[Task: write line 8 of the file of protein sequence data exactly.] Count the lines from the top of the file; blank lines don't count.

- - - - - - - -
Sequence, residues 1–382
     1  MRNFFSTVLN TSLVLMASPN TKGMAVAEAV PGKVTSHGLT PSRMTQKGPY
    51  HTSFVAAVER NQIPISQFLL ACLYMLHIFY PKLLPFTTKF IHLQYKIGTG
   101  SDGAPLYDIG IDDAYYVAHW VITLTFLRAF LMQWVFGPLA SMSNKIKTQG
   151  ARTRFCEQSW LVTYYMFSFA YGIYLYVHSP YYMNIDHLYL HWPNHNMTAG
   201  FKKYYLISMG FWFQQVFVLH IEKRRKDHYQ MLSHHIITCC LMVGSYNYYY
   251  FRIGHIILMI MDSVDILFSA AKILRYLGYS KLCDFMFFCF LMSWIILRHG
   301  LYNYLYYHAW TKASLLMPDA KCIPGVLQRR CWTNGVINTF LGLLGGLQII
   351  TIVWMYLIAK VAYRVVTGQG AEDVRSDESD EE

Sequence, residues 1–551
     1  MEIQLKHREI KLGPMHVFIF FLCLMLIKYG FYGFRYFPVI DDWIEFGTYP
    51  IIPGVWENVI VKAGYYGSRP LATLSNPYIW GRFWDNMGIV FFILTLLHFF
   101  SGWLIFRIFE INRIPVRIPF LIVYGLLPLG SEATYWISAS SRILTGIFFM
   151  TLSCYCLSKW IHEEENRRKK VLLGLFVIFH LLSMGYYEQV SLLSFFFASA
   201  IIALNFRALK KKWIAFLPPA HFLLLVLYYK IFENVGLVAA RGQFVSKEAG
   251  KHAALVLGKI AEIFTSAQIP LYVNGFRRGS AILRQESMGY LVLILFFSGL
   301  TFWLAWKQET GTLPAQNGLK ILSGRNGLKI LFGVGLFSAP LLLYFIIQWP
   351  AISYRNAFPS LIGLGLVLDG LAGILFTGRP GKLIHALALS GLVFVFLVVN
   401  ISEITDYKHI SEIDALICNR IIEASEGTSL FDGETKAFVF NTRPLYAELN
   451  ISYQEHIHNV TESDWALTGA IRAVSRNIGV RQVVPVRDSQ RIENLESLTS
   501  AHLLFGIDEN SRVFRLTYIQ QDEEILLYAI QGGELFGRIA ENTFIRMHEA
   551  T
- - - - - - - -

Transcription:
   301  LYNYLYYHAW TKASLLMPDA KCIPGVLQRR CWTNGVINTF LGLLGGLQII